WASHINGTON - U.S. officials advised Americans against most travel to Mexico on Monday as a swine flu virus that began there spread to the United States and beyond. With 40 cases now reported in the United States, President Barack Obama said there was reason for concern but not yet "a cause for alarm."
Dr. Richard Besser, acting director of the Centers of Disease Control and Prevention, said that so far the disease in the United States seems less severe than the outbreak in Mexico, where more than 1,600 cases have been reported and where the suspected death toll has climbed to 149. No deaths have been reported in the U.S, and only one hospitalization.
"I wouldn't be overly reassured by that," Besser told reporters at CDC's headquarters in Atlanta. He raised the possibility of more severe cases in the United States.
"We are taking it seriously and acting aggressively," Besser said. "Until the outbreak has progressed, you really don't know what it's going to do."
The U.S. stepped up checks of people entering the country by air, land and sea.
And Besser said a new U.S. travel advisory was being prepared suggesting "nonessential travel to Mexico be avoided."
The confirmed cases announced on Monday were double the 20 initially reported by the CDC. Besser said this was due to further testing - not further spreading of the virus - in New York at a school in Queens, bringing the New York total to 28.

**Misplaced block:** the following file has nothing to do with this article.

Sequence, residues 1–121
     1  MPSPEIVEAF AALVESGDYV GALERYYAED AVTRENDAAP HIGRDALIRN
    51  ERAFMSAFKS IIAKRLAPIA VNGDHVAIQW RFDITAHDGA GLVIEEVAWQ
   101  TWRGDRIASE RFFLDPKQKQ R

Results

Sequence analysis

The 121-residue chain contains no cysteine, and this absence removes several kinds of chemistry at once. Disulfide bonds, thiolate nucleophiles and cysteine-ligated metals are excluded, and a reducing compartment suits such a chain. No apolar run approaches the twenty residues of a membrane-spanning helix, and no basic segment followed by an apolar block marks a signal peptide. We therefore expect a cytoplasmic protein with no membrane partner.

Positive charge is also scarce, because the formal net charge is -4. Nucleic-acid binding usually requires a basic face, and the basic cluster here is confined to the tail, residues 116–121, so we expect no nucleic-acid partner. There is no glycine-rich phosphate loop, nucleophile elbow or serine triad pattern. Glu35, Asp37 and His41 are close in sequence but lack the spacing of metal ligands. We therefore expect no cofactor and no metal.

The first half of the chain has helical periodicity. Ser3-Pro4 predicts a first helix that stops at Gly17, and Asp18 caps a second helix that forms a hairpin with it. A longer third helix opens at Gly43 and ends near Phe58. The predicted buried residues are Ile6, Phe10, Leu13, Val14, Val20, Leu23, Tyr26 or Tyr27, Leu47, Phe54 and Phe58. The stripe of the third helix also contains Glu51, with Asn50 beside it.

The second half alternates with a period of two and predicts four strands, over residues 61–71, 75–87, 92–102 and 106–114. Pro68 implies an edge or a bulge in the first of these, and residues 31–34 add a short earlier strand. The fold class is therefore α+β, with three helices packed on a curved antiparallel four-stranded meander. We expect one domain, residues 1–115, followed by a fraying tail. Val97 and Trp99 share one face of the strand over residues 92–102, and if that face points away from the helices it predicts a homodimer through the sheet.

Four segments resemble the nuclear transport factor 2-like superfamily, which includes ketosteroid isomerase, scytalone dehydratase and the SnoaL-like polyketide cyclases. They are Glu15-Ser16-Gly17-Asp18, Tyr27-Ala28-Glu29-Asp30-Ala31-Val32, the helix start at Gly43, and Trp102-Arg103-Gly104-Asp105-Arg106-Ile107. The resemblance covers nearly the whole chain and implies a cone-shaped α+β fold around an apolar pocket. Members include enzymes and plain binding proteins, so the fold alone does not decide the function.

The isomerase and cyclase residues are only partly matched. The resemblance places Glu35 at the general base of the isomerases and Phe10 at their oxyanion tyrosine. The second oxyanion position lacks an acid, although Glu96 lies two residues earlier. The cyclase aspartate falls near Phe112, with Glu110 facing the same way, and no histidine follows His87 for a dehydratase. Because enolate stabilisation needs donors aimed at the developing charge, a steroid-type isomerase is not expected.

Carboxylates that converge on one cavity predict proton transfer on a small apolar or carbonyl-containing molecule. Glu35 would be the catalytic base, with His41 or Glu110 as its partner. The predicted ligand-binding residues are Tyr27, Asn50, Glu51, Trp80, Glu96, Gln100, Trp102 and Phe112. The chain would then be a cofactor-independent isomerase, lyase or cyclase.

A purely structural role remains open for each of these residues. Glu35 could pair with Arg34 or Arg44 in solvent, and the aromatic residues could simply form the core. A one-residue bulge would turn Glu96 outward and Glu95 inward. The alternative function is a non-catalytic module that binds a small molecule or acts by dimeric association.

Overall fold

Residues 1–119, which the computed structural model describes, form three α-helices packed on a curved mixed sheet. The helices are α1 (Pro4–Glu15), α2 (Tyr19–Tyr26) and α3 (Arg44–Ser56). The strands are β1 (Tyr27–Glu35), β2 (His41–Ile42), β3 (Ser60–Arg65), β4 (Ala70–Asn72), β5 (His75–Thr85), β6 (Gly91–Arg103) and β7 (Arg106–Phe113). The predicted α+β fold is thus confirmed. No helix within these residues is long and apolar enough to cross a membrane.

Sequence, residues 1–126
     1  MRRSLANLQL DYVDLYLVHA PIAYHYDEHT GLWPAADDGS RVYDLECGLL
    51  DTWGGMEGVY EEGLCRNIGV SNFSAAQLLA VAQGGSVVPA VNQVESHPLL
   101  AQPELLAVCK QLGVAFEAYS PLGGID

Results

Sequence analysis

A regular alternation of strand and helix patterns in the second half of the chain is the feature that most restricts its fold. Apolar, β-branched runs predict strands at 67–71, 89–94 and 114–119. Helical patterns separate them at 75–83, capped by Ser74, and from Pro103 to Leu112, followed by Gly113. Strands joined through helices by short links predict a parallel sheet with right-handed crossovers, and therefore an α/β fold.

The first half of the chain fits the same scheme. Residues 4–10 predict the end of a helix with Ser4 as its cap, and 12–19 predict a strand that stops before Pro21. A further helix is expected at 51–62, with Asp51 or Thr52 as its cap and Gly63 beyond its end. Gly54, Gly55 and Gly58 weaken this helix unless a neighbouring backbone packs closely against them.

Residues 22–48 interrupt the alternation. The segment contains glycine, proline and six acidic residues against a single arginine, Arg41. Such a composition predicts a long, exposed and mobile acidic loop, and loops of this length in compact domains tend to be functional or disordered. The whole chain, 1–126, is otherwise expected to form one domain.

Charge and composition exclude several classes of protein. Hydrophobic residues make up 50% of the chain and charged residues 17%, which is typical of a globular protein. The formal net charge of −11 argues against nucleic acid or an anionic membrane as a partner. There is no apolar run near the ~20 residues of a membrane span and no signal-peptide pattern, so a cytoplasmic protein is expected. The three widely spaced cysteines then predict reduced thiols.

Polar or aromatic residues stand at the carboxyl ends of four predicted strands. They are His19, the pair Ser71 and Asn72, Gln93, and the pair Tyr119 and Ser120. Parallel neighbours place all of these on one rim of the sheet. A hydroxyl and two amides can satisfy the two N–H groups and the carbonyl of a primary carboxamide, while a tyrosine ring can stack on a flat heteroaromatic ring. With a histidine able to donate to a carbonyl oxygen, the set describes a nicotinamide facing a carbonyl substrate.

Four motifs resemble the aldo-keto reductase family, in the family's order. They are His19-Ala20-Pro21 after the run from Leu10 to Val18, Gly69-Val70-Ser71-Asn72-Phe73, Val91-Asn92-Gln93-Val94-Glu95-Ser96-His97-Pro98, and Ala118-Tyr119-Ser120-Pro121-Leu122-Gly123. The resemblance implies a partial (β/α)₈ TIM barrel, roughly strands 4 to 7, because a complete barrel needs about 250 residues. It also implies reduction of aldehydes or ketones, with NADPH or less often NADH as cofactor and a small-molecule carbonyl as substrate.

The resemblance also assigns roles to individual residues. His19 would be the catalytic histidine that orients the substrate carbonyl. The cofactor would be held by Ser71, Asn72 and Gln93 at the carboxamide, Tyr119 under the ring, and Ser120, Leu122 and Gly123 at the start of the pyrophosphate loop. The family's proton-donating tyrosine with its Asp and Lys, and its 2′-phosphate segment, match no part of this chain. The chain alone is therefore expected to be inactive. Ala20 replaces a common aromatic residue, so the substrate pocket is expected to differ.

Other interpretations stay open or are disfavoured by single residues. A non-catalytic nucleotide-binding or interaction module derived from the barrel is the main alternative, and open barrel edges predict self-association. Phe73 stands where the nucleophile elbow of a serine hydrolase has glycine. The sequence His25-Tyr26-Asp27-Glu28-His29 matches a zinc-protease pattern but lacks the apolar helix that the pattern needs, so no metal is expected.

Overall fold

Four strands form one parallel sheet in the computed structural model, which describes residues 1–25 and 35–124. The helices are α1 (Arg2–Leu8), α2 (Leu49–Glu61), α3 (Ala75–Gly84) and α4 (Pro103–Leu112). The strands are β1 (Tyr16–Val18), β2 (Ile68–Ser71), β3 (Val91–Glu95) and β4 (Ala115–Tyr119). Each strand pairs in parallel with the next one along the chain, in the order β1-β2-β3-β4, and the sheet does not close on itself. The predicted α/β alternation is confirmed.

Besser said other cases have been reported in Ohio, Kansas, Texas and California. He said that, of the 40 cases, only one person has been hospitalized and all have recovered.
The best way to keep the disease from spreading, he said, is by taking everyday precautions such as frequent handwashing, covering up coughs and sneezes and staying away from work or school if not feeling well.
While the cases reported so far in the United States seem relatively mild, Besser said, far more will be known about the disease's transmission traits and severity in a week or two. He said the particular virus at issue had not been seen before, either in the United States nor Mexico.
He said authorities are not currently recommending that people across the country put on masks in the workplace to protect against infection. The evidence "is not that strong" that the wearing of protective masks effectively limits the outbreak of such diseases, he said.
Besser said that for now he'd prefer to focus on regular handwashing, and people "not giving that little kiss of greeting that they're used to right now."
He said about 11 million doses of flu-fighting medications from a federal stockpile have been sent to states in case they are needed. That's roughly one quarter of the doses in the stockpile, he said.
There is no vaccine available to prevent the specific strain now being seen, he said. However, there are antiflu drugs that do work once someone is sick.
If a new vaccine eventually is ordered, the CDC already has taken a key preliminary step - creating what's called seed stock of the virus that manufacturers would use.
Meanwhile, the European Union health commissioner advised Europeans to avoid nonessential travel to Mexico and the United States.
Besser said that including the U.S. in the advisory seemed unwarranted at this time.
State Department Robert A. Wood said the commissioner's remarks were his "personal opinion," not an official EU position, and therefore the department had no comment.
"We don't want people to panic at this point," Wood said.
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